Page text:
Filed under: * Culture-WatchHistorySportsUrban/City Life and Issues* Economics, PoliticsEconomyConsumer/consumer spendingCorporations/Corporate LifePolitics in GeneralCity Government* International News & CommentaryAmerica/U.S.A.

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Posted July 16, 2015 at 6:00 am [Printer Friendly] [Print w/ comments]

Posted by Kendall Harmon

Criticism: Thousands of Iranian centrifuges will keep spinning.

The deal doesn't dismantle or close Iran's two uranium enrichment facilities at Natanz and Fordow. It does require Iran to reduce its centrifuge inventory by two-thirds and eliminate 98% of its stockpile of enriched uranium. Iran will be allowed to keep about 6,100 centrifuges for the next 10 years and continue some enrichment work.

White House response: Iran's inventory of centrifuges will be cut drastically from nearly 20,000, which is enough to create fuel for as many as 10 bombs. It will be left with only its oldest and least efficient models. No enrichment will be allowed at Fordow, and other activities will be restricted to producing uranium enriched to a level of 3.67%, far below the nearly 90% usually required to make a bomb.

Read it all.

Filed under: * Culture-WatchGlobalizationHistoryScience & Technology* Economics, PoliticsDefense, National Security, MilitaryPolitics in GeneralHouse of RepresentativesOffice of the PresidentSenate* International News & CommentaryAmerica/U.S.A.Middle EastIran* TheologyEthics / Moral Theology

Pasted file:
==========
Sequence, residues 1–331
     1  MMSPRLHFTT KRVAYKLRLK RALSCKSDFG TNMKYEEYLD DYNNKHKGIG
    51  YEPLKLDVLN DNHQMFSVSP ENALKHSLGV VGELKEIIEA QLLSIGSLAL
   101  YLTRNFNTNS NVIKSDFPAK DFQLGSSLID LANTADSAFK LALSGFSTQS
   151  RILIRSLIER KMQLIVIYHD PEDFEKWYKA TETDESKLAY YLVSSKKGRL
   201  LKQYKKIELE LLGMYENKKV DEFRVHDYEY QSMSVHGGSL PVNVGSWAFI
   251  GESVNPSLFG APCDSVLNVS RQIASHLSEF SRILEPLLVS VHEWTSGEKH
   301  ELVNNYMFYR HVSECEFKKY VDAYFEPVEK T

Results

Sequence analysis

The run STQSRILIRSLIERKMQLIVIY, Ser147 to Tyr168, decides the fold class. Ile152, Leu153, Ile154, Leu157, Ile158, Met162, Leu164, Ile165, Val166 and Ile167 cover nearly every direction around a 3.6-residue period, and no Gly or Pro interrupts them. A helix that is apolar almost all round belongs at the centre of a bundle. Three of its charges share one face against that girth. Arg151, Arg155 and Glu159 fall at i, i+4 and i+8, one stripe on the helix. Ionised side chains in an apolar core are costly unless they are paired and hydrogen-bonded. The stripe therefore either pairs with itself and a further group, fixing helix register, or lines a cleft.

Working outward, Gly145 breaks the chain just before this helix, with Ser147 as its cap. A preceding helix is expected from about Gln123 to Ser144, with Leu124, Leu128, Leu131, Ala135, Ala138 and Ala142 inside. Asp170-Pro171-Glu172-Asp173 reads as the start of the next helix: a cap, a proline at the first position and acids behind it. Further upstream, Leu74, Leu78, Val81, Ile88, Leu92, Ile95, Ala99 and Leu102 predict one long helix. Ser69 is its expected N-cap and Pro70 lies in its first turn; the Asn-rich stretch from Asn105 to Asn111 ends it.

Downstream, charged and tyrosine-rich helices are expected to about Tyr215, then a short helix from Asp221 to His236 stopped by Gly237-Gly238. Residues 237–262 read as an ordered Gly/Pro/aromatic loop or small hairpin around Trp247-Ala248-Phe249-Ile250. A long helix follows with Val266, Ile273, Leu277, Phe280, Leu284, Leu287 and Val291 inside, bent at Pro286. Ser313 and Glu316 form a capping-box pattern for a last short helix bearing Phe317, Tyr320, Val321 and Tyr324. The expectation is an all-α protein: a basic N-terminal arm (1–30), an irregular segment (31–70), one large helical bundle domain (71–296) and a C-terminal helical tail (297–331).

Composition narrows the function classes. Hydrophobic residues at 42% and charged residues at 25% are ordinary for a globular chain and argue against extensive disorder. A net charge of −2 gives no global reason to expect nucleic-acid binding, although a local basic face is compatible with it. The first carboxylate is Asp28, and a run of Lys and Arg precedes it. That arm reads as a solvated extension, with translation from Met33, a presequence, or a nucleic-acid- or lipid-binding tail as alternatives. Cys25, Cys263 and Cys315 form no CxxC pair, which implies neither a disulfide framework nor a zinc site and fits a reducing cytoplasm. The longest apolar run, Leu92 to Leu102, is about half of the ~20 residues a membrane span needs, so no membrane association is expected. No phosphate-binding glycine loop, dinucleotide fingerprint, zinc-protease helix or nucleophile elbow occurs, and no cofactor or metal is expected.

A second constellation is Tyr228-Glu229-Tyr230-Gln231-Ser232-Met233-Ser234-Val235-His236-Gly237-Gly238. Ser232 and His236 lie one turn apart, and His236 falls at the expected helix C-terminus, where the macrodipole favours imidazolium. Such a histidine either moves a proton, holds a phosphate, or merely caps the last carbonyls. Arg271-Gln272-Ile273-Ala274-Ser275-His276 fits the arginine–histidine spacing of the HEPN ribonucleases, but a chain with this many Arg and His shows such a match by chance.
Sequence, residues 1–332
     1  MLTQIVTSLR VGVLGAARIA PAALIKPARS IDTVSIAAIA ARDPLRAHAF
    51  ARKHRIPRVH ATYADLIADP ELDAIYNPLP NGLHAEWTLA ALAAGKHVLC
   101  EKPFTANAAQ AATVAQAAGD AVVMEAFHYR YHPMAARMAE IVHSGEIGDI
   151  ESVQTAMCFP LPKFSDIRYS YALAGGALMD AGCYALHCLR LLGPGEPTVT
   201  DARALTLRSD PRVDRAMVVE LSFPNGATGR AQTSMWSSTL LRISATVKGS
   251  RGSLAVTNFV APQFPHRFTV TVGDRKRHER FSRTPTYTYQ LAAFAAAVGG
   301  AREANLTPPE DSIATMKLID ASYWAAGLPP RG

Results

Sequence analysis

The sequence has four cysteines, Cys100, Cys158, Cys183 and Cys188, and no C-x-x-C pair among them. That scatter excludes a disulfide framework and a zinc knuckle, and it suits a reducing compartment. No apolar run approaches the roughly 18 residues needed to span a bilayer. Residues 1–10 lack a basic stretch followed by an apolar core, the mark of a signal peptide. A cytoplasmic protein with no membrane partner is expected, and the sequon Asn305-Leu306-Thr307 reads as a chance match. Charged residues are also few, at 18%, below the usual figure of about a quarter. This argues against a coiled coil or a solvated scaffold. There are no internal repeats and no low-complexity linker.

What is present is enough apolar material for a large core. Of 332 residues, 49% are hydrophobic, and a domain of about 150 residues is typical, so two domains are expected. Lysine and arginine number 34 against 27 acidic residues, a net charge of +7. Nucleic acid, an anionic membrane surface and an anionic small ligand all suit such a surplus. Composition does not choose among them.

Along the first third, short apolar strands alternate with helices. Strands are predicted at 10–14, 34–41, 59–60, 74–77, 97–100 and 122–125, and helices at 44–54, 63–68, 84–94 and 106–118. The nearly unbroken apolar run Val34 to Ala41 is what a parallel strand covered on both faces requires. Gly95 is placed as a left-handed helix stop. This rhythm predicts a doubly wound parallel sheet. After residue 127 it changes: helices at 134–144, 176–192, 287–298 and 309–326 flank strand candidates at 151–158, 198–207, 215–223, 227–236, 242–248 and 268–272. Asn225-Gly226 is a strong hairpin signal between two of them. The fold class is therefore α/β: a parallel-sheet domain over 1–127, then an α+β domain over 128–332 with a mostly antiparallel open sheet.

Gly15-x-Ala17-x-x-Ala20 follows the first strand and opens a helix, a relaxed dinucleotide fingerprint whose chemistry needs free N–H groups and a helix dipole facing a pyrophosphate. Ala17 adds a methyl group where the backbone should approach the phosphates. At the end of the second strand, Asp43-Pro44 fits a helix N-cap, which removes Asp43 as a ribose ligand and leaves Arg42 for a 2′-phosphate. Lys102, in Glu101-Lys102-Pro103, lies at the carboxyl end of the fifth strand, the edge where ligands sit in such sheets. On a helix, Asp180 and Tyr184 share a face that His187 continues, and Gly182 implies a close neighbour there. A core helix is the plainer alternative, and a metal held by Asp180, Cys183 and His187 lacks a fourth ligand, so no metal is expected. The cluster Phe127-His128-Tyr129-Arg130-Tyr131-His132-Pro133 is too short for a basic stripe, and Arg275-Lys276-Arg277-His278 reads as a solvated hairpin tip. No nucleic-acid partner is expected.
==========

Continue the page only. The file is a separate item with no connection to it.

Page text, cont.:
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Posted July 15, 2015 at 5:00 am [Printer Friendly] [Print w/ comments]

Posted by Kendall Harmon

From all this, the Religion Guy draws three conclusions for journalists.

*Religious groups and their beliefs are far more complex than the news media typically indicate.

* Strong internal disagreements afflict several denominations – the biggest right out in the open being the United Methodist Church – and will continue to make news.

* Finally, and most obvious, a sizable and variegated lineup of religious believers feels bound to strongly resist America’s new redefinition of marriage for the indefinite future.

Read it all.

Filed under: * Culture-WatchMarriage & FamilyMediaReligion & CultureSociology* International News & CommentaryAmerica/U.S.A.* TheologyAnthropologyEthics / Moral Theology

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Posted July 14, 2015 at 4:26 pm [Printer Friendly] [Print w/ comments]

Posted by Kendall Harmon

Some social conservatives are so despondent that they speak about retreating from the public space and into their homes and churches, rediscovering “the monastic temperament” prevalent during the Dark Ages.

This response would be a tragedy for society. For all its limitations, the fundamental values cherished by the religious – notably, family – have never been more important, and more in need of moral assistance. The current progressive cultural wave may itself begin to “overreach” as it moves from the certainty of liberal sentiment to ever more repressive attempts to limit alternative views of the world, including those of the religious.